A number of early-stage clinical trials discussed at the meeting tested innovative therapeutics against rare and hard-to-treat cancers, including advanced head and neck squamous cell cancer (HNSCC), pancreatic ductal adenocarcinoma (PDAC), and plexiform neurofibromas.
Data from a clinical trial and preclinical studies of innovative KRAS inhibitors presented at the conference are discussed in this blog post.
Promising results from a HRAS-targeted therapeutic for patients with advanced head and neck cancer
This year, about 53,000 people will be diagnosed with cancers of the oral cavity and pharynx (throat), and about 10,860 are expected to die from this disease, according to federal estimates. “Recurrent and/or metastatic head and neck squamous cell carcinoma (HNSCC) is an incurable and devastating disease for which new treatments are needed,” says Alan L. Ho, MD, PhD, medical oncologist at Memorial Sloan Kettering Cancer Center.
Ho presented data from a phase II clinical trial that tested the investigational farnesyltransferase inhibitor tipifarnib in patients with HNSCC. About 5 to 8 percent of patients with advanced HNSCC have tumors with an HRAS mutation, according to Ho.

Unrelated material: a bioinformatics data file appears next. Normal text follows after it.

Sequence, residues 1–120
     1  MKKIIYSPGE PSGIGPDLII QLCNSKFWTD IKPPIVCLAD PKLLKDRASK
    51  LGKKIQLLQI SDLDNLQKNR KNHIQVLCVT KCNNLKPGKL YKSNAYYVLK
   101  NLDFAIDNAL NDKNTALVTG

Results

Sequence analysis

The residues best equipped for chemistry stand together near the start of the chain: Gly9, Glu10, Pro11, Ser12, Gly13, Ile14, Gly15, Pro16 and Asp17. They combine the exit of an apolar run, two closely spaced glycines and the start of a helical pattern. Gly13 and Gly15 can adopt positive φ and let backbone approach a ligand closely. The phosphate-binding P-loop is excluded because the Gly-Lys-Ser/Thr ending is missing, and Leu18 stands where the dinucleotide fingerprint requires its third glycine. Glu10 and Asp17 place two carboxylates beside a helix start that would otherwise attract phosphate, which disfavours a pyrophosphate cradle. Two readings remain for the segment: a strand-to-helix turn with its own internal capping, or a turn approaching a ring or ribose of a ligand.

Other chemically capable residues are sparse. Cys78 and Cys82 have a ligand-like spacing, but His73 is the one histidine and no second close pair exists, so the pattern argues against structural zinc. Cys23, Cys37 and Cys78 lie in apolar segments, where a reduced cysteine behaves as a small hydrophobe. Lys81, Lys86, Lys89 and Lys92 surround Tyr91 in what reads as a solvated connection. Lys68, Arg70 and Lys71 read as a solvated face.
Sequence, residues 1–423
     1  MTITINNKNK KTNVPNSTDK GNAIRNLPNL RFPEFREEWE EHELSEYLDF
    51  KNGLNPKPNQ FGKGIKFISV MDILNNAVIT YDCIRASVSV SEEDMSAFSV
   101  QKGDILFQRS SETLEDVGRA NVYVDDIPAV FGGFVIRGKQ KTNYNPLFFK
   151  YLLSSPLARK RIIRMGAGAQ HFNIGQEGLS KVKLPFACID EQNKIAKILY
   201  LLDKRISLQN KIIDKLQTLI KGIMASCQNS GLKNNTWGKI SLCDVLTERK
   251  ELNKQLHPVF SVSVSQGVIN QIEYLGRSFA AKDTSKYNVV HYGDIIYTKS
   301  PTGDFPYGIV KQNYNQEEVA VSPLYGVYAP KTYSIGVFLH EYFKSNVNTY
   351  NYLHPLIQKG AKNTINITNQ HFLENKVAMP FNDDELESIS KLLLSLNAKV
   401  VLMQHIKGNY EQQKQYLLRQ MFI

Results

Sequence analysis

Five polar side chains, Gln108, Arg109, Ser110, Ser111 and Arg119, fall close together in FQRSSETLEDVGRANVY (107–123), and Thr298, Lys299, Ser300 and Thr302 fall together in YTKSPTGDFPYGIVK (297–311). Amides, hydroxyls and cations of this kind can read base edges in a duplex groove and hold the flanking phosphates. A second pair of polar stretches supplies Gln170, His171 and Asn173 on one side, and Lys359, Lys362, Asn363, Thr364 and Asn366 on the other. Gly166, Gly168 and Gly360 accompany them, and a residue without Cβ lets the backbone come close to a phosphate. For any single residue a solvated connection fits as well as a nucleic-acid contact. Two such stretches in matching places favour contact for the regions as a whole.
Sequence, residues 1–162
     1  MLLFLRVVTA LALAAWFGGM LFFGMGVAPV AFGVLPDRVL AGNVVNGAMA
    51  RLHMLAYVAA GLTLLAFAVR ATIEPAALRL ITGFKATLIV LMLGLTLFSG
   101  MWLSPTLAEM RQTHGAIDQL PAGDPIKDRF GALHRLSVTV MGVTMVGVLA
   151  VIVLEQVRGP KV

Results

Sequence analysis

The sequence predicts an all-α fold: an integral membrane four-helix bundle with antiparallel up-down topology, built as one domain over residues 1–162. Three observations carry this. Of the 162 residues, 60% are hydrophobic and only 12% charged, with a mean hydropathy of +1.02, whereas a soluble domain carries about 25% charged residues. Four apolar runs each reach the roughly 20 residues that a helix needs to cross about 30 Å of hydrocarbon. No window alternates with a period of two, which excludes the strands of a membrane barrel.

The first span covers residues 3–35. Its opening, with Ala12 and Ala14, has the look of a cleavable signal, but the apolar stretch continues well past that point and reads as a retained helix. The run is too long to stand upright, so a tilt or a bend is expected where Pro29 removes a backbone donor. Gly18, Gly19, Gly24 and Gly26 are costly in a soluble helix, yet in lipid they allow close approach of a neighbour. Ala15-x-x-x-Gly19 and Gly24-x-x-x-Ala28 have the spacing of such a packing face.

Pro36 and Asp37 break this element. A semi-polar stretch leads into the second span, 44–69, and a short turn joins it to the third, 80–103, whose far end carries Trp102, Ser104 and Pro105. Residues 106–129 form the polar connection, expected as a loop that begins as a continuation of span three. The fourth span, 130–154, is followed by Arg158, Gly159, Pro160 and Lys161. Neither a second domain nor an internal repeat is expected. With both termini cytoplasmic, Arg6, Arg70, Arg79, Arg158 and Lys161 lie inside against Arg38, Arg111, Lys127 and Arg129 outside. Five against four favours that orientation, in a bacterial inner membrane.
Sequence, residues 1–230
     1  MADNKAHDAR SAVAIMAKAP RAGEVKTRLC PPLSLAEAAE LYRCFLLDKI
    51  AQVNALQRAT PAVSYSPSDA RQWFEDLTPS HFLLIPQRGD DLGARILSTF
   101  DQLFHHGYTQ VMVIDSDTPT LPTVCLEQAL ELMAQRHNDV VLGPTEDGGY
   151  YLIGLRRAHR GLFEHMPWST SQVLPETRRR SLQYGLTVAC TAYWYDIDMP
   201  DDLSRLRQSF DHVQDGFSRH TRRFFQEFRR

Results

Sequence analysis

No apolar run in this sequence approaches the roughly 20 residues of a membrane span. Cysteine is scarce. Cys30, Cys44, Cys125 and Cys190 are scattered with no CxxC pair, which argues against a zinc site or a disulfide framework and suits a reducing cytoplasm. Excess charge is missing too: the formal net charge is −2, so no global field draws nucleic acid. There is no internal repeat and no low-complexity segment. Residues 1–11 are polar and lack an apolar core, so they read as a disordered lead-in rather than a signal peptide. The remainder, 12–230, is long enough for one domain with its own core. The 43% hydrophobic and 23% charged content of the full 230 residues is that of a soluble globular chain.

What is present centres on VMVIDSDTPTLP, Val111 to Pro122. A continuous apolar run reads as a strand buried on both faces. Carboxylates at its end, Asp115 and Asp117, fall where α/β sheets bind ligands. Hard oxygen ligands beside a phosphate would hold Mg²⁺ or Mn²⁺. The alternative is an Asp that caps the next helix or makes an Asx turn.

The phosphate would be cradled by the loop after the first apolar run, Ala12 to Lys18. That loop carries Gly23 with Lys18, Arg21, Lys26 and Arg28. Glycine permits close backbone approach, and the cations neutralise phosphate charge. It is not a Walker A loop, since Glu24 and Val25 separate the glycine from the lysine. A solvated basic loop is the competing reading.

Tipifarnib is a highly selective inhibitor of the enzyme farnesyltransferase, which activates the proto-oncogene HRAS. Although this therapeutic was initially developed more than a decade ago to target mutations in all three RAS genes, KRAS, HRAS, and NRAS, researchers learned that this mode of inhibition will not be effective against mutant KRAS and NRAS as these proteins could be activated though another mechanism that involves an enzyme called geranylgeranyltransferase. Further studies revealed why HRAS-mutant cancers may be uniquely susceptible to tipifarnib, Ho noted. Tipifarnib is the first and only compound to demonstrate activity against HRAS driven tumors, he added.